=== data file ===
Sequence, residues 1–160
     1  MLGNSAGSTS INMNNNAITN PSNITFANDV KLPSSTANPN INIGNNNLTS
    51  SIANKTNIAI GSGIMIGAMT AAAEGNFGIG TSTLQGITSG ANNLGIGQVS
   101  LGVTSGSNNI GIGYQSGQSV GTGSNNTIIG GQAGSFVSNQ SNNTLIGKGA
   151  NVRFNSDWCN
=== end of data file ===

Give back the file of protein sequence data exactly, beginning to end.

Sequence, residues 1–160
     1  MLGNSAGSTS INMNNNAITN PSNITFANDV KLPSSTANPN INIGNNNLTS
    51  SIANKTNIAI GSGIMIGAMT AAAEGNFGIG TSTLQGITSG ANNLGIGQVS
   101  LGVTSGSNNI GIGYQSGQSV GTGSNNTIIG GQAGSFVSNQ SNNTLIGKGA
   151  NVRFNSDWCN